'Today's drunk driving': Ore. law would ban all mobile device use in the car
SPRINGFIELD, Ore. –Mathew Bohman is a motorcycle officer for the Springfield Police Department.
He's been spotting distracted drivers using their cell phones for years.
"I tell people just park on the side of the road and just watch cars drive by. It's amazing how much time people spend looking in their laps,” said Bohman.
He said distracted driving is a huge problem.
"I know what they're doing. Can I prove it? Because I can't see their phone in their hand down in their lap? That becomes part of the problem with the law,” said Bohman.
The Oregon Senate is taking action to address the dangers of distracted driving, or, "today's drunk driving" as they called it.
On Thursday the Senate passed a bill with a 21-8 vote that would broaden the definition of distracted driving.
It proposes that someone could be given a citation if they are found using their phone in any way behind the wheel, like selecting music or using the GPS.
This would expand on the current distracted driving laws.
Right now, drivers are simply not allowed to talk or text while driving. House Bill 2597 proposes that there not be any phone use.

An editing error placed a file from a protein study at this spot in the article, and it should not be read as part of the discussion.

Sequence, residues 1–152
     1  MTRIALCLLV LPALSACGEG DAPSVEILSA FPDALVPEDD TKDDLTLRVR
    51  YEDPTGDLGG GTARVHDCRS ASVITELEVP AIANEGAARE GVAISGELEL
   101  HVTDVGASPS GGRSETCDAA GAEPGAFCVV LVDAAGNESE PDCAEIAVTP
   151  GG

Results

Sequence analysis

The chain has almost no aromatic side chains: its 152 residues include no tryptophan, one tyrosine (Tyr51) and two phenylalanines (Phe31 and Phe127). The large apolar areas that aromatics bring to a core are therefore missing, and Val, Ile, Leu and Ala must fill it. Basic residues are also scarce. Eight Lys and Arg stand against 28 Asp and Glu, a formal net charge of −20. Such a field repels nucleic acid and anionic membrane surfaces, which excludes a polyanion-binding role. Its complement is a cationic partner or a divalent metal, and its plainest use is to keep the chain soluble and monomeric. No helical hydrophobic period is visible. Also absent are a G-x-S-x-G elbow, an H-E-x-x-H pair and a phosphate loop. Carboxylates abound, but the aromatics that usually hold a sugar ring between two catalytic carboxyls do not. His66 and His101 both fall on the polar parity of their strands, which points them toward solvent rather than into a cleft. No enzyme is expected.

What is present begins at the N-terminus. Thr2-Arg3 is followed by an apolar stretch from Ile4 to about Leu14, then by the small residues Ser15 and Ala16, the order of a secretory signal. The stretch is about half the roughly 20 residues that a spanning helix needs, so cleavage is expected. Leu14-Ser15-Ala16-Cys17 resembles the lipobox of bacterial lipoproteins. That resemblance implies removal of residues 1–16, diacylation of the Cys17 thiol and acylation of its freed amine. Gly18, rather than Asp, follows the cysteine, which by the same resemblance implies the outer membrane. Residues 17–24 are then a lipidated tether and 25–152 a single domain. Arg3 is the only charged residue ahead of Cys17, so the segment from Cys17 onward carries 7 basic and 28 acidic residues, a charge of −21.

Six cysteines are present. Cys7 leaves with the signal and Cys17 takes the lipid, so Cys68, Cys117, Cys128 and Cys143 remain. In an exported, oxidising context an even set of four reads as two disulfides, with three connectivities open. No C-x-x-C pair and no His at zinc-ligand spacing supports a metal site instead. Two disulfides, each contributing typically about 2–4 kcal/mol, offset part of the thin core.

The current law prevents drivers from talking and texting, but other uses are allowed - for now.
Law would ban all uses of phone, not just talking and texting. If passed, the new law would ban all phone use in the car.
This potential new law would address the gray area of distracted driving: Checking your phone for the time, the GPS, and even playing music.
Springfield resident Tandi Perkins watches cars for a living as a parking service attendant for Diamond Parking.
She sees distracted drivers every day. She said some almost hit pedestrians.
“You see them on the phone and it's really disheartening to me. Because people are like 'hey I’m here, I’m walking here, I have the right away,' and it's like um yea, pay attention,” said Perkins.
One Pleasant Hill resident sees the pros and cons of the new bill.
"As a mom, with driving kids, I think it's a great idea because it means my kids are safer on the road. However, as a business owner and someone who owns a company and is working for a living, I use my GPS all the time,” said Dawn Keeney of Pleasant Hill.
For now, traffic officers will continue to enforce the rules currently in place.
The new law would also increase the penalty for a distracted driving offense. It will go to governor Kate Brown for her signature if approved by the House.
House Bill 2597 just refers to cell phone distracted driving.
But Springfield police said on an everyday basis, distracted driving can be anything that takes your attention off the road, things like eating, drinking, putting on makeup, and playing with your pet.